JEFFERSON CITY — A bill to renew a fee assessed on convicted defendants to fund the Missouri State Highway Patrol’s access to the FBI’s national DNA database is well-positioned to pass before the charge expires in August.

A bill filed by state Rep. Sara Walsh, R-Ashland, to add 10 years to the life of the fee, which raises $1.2 million annually, received a public hearing Monday in the House Crime Prevention and Public Safety Committee, of which Walsh is a member.

Walsh is also the House sponsor of an almost identical bill, already passed in the Senate and the public safety committee, and sponsored by Sen. Doug Libla, R-Poplar Bluff.

The highway patrol adds the DNA of 21,000 offenders per year to the database through the program, and roughly 300 of them result in matches with DNA from crime scenes, Lt. Justin McCullough, the highway patrol’s governmental affairs liaison, said in an email.

The general revenue budget that funds lab analyses, including DNA, is $660,000. The patrol cannot afford on its own the amount of DNA analysis it does every year, crime lab director Brian Hoey said in his testimony in favor of Walsh’s bill.

“If we have to move money out of our general revenue budget to fund this program, we will have to not work certain cases in DNA, fingerprint, firearms and trace analyses,” Hoey said. “That would put a big strain on the cases we currently do.”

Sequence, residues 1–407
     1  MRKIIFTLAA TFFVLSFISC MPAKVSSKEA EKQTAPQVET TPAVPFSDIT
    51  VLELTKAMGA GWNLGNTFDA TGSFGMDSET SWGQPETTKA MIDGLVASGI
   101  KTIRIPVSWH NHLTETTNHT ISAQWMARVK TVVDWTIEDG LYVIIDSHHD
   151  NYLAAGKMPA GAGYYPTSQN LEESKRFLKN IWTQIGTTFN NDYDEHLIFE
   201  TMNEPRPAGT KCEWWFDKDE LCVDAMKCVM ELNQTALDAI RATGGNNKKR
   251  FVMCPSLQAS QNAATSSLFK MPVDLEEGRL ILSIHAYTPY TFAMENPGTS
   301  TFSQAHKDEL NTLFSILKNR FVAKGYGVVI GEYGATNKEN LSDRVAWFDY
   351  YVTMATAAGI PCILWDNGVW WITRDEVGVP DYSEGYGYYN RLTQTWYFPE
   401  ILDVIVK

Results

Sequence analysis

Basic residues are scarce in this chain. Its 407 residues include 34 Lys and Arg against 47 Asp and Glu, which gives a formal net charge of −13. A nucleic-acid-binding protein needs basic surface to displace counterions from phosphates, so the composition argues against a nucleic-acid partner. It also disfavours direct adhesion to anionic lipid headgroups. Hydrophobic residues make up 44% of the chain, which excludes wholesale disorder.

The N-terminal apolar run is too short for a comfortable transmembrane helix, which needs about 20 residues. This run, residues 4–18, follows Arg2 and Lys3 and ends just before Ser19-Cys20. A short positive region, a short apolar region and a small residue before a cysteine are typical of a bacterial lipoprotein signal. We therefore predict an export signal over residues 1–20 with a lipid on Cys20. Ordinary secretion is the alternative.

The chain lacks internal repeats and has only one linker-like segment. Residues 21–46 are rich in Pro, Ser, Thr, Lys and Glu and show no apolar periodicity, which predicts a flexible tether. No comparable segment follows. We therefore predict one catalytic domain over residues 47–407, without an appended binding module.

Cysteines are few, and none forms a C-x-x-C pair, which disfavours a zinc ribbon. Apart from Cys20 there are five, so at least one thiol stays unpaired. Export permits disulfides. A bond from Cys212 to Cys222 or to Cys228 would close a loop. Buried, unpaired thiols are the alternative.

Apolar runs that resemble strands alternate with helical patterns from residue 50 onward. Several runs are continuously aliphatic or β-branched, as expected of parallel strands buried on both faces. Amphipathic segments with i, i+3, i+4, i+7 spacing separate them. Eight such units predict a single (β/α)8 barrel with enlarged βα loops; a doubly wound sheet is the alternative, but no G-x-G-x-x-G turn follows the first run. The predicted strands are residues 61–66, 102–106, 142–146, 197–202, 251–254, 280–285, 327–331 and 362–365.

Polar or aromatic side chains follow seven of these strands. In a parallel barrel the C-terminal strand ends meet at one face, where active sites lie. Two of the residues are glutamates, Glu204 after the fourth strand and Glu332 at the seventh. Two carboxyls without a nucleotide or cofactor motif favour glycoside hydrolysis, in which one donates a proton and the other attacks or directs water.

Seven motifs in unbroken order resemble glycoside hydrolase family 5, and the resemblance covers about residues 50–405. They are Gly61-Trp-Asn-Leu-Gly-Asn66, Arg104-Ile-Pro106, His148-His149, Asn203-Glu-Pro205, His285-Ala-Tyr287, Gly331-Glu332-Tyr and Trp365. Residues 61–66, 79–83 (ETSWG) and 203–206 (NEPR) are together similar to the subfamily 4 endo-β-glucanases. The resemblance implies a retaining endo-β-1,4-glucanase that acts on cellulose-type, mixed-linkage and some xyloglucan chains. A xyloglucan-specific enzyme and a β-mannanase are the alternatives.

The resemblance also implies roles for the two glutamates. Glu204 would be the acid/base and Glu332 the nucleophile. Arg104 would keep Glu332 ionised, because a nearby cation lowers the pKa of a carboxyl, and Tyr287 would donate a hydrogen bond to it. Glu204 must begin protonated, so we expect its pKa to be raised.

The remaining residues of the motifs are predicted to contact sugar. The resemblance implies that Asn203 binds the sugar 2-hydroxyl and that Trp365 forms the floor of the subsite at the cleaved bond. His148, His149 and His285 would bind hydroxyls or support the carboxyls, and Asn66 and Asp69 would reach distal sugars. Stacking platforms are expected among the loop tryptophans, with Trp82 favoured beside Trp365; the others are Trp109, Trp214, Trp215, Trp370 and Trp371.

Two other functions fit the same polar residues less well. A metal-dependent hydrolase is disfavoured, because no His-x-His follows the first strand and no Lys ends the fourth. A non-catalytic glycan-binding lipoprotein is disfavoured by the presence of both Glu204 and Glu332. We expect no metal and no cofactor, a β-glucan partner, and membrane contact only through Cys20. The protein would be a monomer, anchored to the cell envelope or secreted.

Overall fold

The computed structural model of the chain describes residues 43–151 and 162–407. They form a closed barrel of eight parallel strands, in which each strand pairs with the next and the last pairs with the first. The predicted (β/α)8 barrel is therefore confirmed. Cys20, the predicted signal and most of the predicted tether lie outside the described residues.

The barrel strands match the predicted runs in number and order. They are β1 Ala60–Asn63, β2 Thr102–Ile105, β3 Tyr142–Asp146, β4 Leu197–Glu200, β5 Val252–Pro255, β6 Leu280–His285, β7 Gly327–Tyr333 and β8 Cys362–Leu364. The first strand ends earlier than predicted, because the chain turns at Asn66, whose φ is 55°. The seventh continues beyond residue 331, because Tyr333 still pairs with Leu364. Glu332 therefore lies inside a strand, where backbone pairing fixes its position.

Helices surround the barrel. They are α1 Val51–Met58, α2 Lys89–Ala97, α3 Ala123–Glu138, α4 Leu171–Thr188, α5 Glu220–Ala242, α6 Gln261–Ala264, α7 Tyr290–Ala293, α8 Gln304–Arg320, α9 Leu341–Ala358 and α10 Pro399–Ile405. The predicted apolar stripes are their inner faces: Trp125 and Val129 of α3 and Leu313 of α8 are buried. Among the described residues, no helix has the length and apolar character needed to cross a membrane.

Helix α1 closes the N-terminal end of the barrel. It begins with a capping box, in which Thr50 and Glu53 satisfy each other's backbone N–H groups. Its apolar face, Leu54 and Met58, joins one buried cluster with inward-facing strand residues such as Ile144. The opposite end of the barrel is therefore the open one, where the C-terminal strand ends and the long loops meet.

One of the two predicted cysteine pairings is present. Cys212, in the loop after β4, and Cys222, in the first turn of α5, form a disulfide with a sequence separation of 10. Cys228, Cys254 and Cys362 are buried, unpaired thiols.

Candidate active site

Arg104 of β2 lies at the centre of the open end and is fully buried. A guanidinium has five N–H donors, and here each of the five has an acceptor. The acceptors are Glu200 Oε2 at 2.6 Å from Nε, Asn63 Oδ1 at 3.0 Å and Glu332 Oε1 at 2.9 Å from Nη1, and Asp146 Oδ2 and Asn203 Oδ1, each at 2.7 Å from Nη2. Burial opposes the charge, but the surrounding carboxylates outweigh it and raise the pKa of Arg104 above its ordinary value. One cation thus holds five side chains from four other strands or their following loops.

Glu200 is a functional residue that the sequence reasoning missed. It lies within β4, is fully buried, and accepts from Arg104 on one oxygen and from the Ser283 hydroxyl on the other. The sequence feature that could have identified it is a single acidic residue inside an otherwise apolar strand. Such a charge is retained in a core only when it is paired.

Hoey was the only person to testify in support of the bill, and there were no witnesses against it. 

The fee is imposed as a surcharge on criminal defendants in all cases except traffic violations. The charge is $15 for misdemeanor cases, $30 for most felonies and $60 for Class A and B or unclassified drug offenses.

Collection of the surcharges will end Aug. 28 unless the legislature passes and the governor signs a bill to extend it.

Walsh said she will amend her bill to make it identical to Libla’s. She is handling his bill on the House floor, and she said her bill is a backup.

“At this point in the process, it’s important to have all avenues at our disposal to ensure that legislation moves forward,” Walsh said.

The legislature is responsible for renewing the fund’s expiration date every 10 years, and it can also change the sunset period if it sees fit, she said.

“It’s a good check and balance on government to make sure the fund is doing what it’s supposed to, to ensure that we still need it, to ensure that it’s an adequate amount of funding and things like that,” Walsh said.